An Indian Army Dhruv helicopter was recently recovered from a post at 18,000 ft on Siachen Glacier.
The report about the recovery of an Indian Army Dhruv helicopter from Khanda, a post at around 16,200 feet on the Siachen Glacier, is wonderful news. Besides the fact that a flying machine has been recovered, it also gives great credit to the professionalism and bravery of the men and aircrew of Army Aviation who recovered the machine.
The news coverage took me back to my days flying in that most inhospitable terrain – rightly christened the highest battlefield in the world. While the aircrew have been in the limelight most of the time, it’s the technicians who have been the unsung heroes of Siachen ops. Now, heated hangars have been constructed, but just 10 odd years ago, the technicians would be up before dawn, in those terrible sub‑zero temperatures, to get the machines fly-worthy for early morning take-off. It was worse at the base camp, where your breath would freeze in winters on exhaling and the skin would be left behind on a metal part if touched with bare hands – but the technicians pressed-on regardless. If one may add for the uninitiated, this was routine day-in and day-out stuff on the glacier – and continues to this day since 13 April 1984 when Op Meghdoot was launched.
But the Siachen Glacier throws up different challenges off and on, of the kind that test resolve, technical expertise and guts. One such incident occurred on 3 June 1990 when a Cheetah of 114 Helicopter Unit (christened the Siachen Pioneers) flown by Flt Lt W.V.R. Rao and Fg Officer Suresh Nair had an engine malfunction on landing at Amar helipad situated at 19,500 feet (yes, you read it right, 19.5K feet); during those days, Siachen was a live battle zone with intense exchange of artillery fire. The aircraft just plonked itself on the matchbox-sized helipad (see photo of a typical Siachen helipad); the buddy helicopter recovered the crew, even as the Pakistani troops started shelling Amar, since the crew could not have stayed back overnight because they were not acclimatised. Then began the mind-boggling planning of how to change the engine at that altitude – never ever done anywhere in the history of aviation.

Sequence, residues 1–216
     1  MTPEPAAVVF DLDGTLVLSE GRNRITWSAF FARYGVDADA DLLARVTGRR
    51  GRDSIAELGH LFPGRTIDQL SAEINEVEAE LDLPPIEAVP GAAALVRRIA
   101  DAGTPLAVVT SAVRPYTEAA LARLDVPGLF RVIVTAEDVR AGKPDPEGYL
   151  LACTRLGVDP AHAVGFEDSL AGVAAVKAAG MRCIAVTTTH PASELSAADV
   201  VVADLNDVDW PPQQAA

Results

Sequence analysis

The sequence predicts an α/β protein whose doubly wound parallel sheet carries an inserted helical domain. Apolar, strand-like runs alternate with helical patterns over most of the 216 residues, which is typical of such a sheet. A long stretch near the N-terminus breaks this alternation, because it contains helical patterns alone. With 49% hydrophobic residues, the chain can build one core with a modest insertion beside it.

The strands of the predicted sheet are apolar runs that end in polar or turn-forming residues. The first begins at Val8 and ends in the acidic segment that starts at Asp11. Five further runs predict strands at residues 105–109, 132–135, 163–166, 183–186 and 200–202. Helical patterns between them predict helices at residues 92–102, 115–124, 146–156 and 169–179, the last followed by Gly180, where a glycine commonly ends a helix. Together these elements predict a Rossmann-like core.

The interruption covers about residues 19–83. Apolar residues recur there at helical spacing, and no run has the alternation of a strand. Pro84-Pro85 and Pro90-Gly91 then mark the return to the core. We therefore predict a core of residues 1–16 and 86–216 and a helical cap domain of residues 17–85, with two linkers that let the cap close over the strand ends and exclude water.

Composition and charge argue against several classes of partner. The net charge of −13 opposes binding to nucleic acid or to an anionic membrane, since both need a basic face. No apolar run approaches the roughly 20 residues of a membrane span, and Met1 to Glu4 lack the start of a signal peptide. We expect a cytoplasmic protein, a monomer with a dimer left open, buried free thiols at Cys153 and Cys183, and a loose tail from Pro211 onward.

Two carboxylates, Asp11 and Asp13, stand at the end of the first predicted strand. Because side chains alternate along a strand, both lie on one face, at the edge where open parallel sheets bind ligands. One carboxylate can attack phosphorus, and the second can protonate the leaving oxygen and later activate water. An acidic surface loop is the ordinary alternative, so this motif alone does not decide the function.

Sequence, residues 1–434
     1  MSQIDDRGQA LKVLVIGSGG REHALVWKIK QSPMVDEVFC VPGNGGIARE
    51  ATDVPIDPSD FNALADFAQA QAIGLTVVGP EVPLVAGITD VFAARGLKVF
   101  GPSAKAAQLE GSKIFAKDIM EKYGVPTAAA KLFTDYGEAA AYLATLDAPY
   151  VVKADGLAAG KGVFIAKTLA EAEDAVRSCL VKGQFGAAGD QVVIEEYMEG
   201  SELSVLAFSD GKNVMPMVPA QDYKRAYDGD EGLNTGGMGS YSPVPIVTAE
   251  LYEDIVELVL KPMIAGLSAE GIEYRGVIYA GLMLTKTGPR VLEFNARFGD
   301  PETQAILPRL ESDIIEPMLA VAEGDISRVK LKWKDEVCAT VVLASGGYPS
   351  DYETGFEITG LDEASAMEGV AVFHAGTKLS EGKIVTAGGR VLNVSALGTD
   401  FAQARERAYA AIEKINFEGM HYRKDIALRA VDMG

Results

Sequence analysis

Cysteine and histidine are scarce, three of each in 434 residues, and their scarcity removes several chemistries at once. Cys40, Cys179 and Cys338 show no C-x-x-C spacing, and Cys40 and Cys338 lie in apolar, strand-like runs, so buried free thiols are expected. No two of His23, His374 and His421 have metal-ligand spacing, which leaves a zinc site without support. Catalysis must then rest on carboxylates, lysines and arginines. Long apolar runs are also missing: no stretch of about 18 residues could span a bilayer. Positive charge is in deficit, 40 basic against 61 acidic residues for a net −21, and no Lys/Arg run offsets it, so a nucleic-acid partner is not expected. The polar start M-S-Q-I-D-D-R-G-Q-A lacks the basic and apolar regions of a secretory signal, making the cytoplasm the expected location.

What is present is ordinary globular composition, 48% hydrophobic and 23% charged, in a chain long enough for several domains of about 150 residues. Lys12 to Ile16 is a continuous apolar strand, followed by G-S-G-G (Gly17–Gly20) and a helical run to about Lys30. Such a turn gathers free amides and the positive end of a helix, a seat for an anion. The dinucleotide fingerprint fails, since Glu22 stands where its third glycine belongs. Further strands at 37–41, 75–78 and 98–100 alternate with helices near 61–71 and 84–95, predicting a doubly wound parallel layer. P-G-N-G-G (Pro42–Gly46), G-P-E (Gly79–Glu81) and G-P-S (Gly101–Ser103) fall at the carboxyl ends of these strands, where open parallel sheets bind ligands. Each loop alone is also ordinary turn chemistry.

The Cheetah engine weighs 182 kg and requires a portable crane to lift it out and install a new one. At the best of times, at the helicopter base, it requires expertise and workmanship of a very high order, besides many checks and double checks by supervisors. Also, the Cheetah can carry only between 25 and 75 kg of load to Amar due to the extremely reduced air density. To cut a long story short, the following events happened.
Amar was manned by troops of the Sikh Light Infantry. They manually removed the unserviceable helicopter out of the small helipad so as to make place for the incoming rescue helicopters. How they did this, at 19,000 feet without any equipment (the Cheetah has skids and no wheels), only God and those troops know. They made a snow wall ahead of the post so as to shield it from direct observation of the Pakistani post just two kilometres ahead.